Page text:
So, you’ve decided to tackle a key process improvement project. You have your problem statement and scope set up, and now you need to determine who will be assigned to the core project team. Who needs to be on the team to maximize your probability of success? There’s a term for those individuals: subject matter experts.

An overview: What are subject matter experts (SMEs)?

A subject matter expert, or SME, is the person who possesses a deep understanding of a particular subject. The subject in question can be anything, such as a job, department, function, process, piece of equipment, software solution, material, historical information, and more. Subject matter experts may have collected their knowledge through intensive levels of schooling, or through years of professional experience with the subject. The SME has a level of understanding regarding their subject that is not common knowledge, making the person quite valuable to an organization.

Subject matter experts are especially important in process improvement efforts. They often have a great deal of process knowledge that’s not documented. They also can save you time by identifying inadequate solutions proposed by other members of the team during the solution selection stage of the project.

SMEs can also make ideal trainers. Thanks to their intimate understanding of the subject, they can explain and demonstrate the process in ways that can minimize the training curve for those without the years of experience. In-depth levels of practical training help cut down on the number of mistakes new hires make during the onboarding process, flattening the learning curve. 

Subject matter experts are also found outside of an organization — they may operate more like consultants. For example, many subject matter experts make a living making court appearances and testifying on subjects that can make a substantial difference to a verdict. 

3 best practices when working with SMEs

1. If your SME is internal to your organization, be sure to value their experience, especially if they’re the only person who possesses key pieces of information. Many SME possess tribal knowledge, knowledge that is undocumented and passed down verbally or in practice. If a key SME leaves the organization through layoff, accident, or new job opportunity, it could potentially affect the organization’s ability to perform. 

2. Always be developing your talent, turning key individuals into SMEs over time. Support their efforts to continue educating themselves, to try out new ideas, and to share their insights with other team members.

3. There will always be times when you need a SME who is external to your organization. Try to build a network of these different types of SMEs so you can minimize the time it takes to contact and contract one when the time arises.

Frequently Asked Questions (FAQ) about SMEs

We are holding a process improvement Kaizen Event, but management is refusing to allow a key SME to participate. Should we cancel the event?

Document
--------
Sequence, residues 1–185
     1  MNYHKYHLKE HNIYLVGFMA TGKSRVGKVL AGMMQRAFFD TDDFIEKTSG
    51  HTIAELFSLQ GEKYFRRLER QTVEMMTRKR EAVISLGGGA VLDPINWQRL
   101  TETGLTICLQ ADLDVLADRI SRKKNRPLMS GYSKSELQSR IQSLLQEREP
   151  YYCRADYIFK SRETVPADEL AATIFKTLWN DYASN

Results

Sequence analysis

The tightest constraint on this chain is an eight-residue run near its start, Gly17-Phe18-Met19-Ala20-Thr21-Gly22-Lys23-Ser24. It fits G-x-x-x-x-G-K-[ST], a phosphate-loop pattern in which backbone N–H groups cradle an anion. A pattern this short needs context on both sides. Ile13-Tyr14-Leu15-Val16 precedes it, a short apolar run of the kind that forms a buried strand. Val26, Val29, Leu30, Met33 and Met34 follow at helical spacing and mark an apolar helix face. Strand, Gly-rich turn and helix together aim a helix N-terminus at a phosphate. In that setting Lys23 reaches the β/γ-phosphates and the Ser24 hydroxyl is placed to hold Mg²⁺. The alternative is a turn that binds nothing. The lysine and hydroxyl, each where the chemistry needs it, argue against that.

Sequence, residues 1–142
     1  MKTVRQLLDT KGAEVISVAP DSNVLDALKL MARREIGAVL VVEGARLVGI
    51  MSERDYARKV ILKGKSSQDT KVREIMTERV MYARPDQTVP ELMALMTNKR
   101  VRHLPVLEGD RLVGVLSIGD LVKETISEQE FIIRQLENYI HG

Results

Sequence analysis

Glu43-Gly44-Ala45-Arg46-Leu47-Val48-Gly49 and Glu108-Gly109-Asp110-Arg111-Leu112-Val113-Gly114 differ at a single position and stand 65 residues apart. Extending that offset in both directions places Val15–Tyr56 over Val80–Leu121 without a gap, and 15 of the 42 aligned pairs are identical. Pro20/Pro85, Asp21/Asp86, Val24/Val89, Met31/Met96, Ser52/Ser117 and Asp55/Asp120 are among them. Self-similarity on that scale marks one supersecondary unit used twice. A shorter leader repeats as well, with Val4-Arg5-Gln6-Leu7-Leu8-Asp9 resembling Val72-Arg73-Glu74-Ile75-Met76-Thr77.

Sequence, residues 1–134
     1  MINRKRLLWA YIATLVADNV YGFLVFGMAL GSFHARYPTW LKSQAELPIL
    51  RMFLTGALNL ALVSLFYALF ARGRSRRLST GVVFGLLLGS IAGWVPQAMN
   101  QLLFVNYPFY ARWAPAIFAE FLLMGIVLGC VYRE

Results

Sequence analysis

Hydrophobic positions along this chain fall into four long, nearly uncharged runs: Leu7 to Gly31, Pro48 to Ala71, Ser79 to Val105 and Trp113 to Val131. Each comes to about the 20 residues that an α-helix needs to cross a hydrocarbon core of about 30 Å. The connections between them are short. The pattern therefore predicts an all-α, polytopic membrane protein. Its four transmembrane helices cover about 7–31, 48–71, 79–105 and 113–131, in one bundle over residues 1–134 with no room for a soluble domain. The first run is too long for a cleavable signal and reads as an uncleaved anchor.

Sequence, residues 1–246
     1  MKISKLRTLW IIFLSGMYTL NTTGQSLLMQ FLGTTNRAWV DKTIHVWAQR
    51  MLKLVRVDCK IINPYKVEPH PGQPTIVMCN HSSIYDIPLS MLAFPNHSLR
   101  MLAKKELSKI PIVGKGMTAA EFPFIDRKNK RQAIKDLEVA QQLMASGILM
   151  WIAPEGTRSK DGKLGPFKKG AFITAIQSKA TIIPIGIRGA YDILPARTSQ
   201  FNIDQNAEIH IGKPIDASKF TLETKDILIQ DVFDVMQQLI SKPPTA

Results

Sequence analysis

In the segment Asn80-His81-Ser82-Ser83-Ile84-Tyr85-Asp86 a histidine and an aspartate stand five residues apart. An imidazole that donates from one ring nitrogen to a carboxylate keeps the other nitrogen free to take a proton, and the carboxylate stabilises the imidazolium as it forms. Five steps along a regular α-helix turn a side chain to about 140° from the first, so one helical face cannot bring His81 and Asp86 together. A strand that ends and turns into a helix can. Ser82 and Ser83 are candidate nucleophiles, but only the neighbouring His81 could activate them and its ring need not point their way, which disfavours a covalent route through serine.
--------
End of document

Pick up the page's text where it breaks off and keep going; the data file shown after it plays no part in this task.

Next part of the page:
This is a very difficult situation. There are many events where without the SME knowledge, the process improvement team will yield poor results. As the team tries to define the current state, they will find themselves with holes in the process that no one understands, or worse, document a part of the process that simply does not accurately represent what actually happens. 

If the SME cannot be a participant full-time for the event, find out if you can at least carve out a couple of hours for them to verify the team’s results and look at the possible solutions the team generates. If absolutely no time with the SME can be secured, it might be best to reschedule the event until a time when the SME is available.

As an external subject matter expert, what is my role?

Your primary job is to provide knowledge you already possess, but you can speed up the communication if you have a better understanding of your client’s situation — and how your knowledge fits into their situation. 

Be sure to communicate with your client to acquire a solid understanding of their situation so you can present your information in a beneficial manner and advise them on how to act upon it.

My subject matter expert is out for the day, and no one else understands the process well enough to take over and perform it properly. What do I do?

At this point, there’s little you can do. When personnel that possess key pieces of information are absent, it often brings an entire process to a standstill. Sometimes you may be able to acquire another person from outside the department or organization, but finding that person who can simply step in for the original SME is rarely practical or effective. 

The good news is there are steps you can take to help minimize the risks the next time your SME is unavailable. Whenever possible, document any tribal knowledge and store it in a place that’s accessible when the SME is not available or unexpectedly absent from work. In addition, cross-train your personnel whenever possible so you don’t have a situation with a single point of failure.

Subject matter experts are important when addressing challenges

The many years of knowledge that a subject matter expert has built makes them invaluable resources within their community. These individuals can use their deep understanding of a subject to assist with challenging situations, such as understanding key failures regarding subject or process improvement efforts. Make efforts to recognize the value of any subject matter experts in your organization.

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